Find it, Get it, Keep it

Traffic on the George Washington Bridge heading into Manhattan (Wikimedia Commons)

I don’t mind driving but get impatient when stuck in traffic. New York traffic can be notorious, but I detest traffic caused by road construction. Construction is unavoidable in the New York metro area, with its many bridges and tunnels. Like many people, I have also wondered why those repairs never seem to end. 

On May 11, I had the privilege of attending the New York Homenetmen reunion at our church’s main hall. The organizers kindly invited me to offer the opening prayer and share a brief message with the attendees. I took this opportunity to quote something that one of my professors at the St. John’s University’s counseling program once said to my class when I was a student. The context was career counseling, and the remark was, “Find it, get it, and keep it.” He explained that there are three phases in most careers — you have to find a job and get the job, but the most crucial part is that you have to keep the job. This statement has always resonated with me, as I’ve realized it’s not only applicable to our careers but to most things in life, including our hobbies and skills, relationships and marriages, and our involvement in organizations and institutes.

I recently attended the Eastern Prelacy’s annual National Representative’s Assembly. This assembly is the highest legislative body in our church. During this convention, we examine the vitality of our churches in the Armenian communities of the Eastern United States. I find it inspiring to look back at the history of the Armenian parishes in this country, to which Armenians came over a hundred years ago and made it their priority to build churches, receive spiritual nourishment and maintain their Armenian Christian identity. The birth of every Armenian church resulted from hard work, dedication, sacrifice and deep conviction. A century later, we are still enjoying the fruit of the labor of love of our faithful ancestors. 

If I apply my professor’s philosophy of “find it, get it, and keep it,” I see that our past generations have successfully used the first two steps, and it is our role to apply the third: keep it. I would like to explore the “keep it” notion in the context of our mission through our parishes, using Christ’s Parable of the Talents recorded in the Gospel of St. Matthew (25:14–30). It tells the story of a rich man who gives his property to his servants before traveling. The man gives each servant an amount based on their ability, with five talents to one servant, two talents to another and one talent to the third. The first two servants double their money through trading, while the third hides his money. After a long time, the master returns and settles accounts with the servants. The master is furious with the servant who hid his money, saying, “I gave you an amount of property. I knew you could manage, but you did nothing with it. At least you could have put it in the bank to earn a small amount of interest. Now you will lose your talent to the servant who gained five with that.” The master then takes the servant’s talent and casts him out of his household forever. According to Christ’s teaching, “keeping it” is a proactive way of being, not a passive task. 

When considering our churches and how to maintain their vitality, we must not treat the church as a historical monument to be admired occasionally. The church is a living reality that requires our spiritual, emotional and contemplative investment to remain relevant in our lives. During his pontifical visit last year, His Holiness Aram I underscored the importance of rebuilding our parishes. In his recent audio message addressing the assembly, the Pontiff reiterated four crucial points for our mission’s growth. These points revolve around reorganizing our parishes, redefining the relationships between the pastor, parishioners and sister organizations and building a faith community. Vehapar’s directives require that those in leadership positions find new and effective ways of ministering to the spiritual needs of our parishioners and community members on the one hand and encouraging active participation from parishioners on the other. We must stop the blame game of leadership not doing enough and of parishioners being apathetic. Both parties must engage responsibly in the sacred task of “keeping it” to guarantee our survival and reemergence of our Armenian Christian ethos.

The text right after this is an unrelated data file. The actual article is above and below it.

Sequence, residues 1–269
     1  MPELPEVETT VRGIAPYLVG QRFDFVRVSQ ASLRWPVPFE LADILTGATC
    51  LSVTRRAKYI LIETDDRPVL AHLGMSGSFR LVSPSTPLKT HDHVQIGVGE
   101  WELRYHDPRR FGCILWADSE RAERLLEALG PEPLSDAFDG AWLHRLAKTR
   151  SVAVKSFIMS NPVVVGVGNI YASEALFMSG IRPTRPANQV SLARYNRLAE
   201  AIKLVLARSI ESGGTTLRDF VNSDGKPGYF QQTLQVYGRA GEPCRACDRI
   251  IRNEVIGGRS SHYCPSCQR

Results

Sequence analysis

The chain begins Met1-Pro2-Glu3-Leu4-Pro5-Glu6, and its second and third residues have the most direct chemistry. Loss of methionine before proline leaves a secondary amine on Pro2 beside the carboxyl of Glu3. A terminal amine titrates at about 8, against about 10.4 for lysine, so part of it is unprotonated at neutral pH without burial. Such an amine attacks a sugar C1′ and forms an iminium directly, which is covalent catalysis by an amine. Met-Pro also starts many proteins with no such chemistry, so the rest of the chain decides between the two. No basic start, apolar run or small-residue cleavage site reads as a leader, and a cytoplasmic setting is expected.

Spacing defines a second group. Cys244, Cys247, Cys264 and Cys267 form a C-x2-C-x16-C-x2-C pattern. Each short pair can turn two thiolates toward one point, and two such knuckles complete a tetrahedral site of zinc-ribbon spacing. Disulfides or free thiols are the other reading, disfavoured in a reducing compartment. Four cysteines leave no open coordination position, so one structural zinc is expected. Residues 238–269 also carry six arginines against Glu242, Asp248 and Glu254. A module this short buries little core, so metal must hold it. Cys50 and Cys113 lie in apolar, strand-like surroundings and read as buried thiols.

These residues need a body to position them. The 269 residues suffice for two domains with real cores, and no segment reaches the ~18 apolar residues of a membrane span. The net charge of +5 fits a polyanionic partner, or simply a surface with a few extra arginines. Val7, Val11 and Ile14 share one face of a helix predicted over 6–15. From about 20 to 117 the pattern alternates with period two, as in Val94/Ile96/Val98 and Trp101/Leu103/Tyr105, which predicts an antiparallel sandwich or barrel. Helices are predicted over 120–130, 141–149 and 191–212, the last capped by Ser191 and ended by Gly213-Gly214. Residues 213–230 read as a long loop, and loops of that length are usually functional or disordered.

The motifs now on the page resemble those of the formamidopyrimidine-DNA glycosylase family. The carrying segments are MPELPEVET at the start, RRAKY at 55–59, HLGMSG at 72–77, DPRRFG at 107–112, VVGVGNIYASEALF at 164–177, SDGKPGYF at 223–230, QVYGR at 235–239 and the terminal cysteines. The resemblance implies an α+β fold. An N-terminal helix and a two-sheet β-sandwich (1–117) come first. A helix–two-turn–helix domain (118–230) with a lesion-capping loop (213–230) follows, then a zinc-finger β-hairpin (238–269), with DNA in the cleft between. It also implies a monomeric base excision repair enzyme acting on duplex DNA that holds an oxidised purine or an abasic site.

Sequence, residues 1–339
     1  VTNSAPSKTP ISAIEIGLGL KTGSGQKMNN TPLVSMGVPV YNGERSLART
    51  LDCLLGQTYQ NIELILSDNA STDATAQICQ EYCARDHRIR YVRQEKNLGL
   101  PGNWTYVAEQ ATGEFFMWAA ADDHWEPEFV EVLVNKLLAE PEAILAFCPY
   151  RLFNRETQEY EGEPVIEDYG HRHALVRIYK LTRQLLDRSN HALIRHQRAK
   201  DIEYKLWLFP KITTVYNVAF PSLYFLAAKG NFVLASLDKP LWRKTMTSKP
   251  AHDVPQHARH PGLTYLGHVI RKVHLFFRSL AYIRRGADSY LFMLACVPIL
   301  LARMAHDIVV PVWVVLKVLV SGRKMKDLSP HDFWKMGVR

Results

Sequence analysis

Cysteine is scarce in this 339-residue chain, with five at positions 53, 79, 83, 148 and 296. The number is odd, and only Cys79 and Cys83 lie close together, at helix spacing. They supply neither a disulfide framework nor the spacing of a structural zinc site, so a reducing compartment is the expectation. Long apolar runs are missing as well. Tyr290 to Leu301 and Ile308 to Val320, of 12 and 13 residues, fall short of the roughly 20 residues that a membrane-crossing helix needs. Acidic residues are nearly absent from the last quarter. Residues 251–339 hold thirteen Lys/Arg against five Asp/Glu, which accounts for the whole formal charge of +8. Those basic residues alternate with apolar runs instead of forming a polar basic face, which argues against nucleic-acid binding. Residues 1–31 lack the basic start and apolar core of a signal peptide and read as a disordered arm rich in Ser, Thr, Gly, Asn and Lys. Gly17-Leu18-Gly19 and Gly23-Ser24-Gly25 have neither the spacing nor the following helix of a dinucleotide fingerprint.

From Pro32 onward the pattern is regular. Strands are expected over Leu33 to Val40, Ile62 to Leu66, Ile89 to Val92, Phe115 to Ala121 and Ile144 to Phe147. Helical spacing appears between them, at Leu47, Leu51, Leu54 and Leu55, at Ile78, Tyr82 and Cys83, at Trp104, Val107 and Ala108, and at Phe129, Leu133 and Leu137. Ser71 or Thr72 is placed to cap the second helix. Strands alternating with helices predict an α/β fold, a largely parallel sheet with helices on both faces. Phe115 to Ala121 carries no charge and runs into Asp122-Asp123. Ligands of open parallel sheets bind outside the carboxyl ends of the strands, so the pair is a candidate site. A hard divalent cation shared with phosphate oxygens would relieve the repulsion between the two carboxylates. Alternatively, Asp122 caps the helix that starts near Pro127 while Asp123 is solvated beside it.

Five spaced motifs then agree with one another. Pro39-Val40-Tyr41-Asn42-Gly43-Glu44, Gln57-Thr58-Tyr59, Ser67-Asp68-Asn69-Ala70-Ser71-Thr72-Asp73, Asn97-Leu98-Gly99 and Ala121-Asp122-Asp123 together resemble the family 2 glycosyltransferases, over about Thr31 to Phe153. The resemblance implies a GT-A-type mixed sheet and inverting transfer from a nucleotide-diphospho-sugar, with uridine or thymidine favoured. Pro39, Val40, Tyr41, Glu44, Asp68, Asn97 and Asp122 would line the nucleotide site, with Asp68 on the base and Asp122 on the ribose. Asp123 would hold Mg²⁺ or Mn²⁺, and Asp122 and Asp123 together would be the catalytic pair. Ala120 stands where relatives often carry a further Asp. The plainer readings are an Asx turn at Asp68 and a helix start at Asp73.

Whenever I’m stuck in traffic due to construction near the New York bridges or tunnels, I am reminded that these structures, built many years ago, facilitate transportation and connect the metro area. The ongoing functionality of these engineering marvels requires constant maintenance. Similarly, our churches serve as bridges connecting us together and to the divine, guiding us from this life to eternal life. Like bridges and tunnels, our churches also require deliberate maintenance through engagement, reimagination and faithful commitment to keep them vital and compelling. 

I pray that during this season of Pentecost, the Holy Spirit will renew our minds and souls, guiding us to cherish the church as the representation of God’s kingdom on earth.

Keep it.

Rev. Fr. Nareg Terterian

Rev. Fr. Nareg Terterian

Fr. Nareg is a graduate of the Armenian Theological Seminary of the Great House of Cilicia in Antelias and has an MA in Pastoral Theology and an M.S.Ed in Clinical Mental Health Counseling from St John’s University of New York. He was ordained to the rank of priesthood on 2004. In 2005 he was assigned as the pastor of St. Sarkis Armenian Apostolic Church in Douglaston, NY. Fr. Terterian is married to Yeretsgin Annie and blessed with three children: Hovsep, Laurie and Avedis. Fr. Nareg is a Licensed Mental Health Counselor.
Rev. Fr. Nareg Terterian

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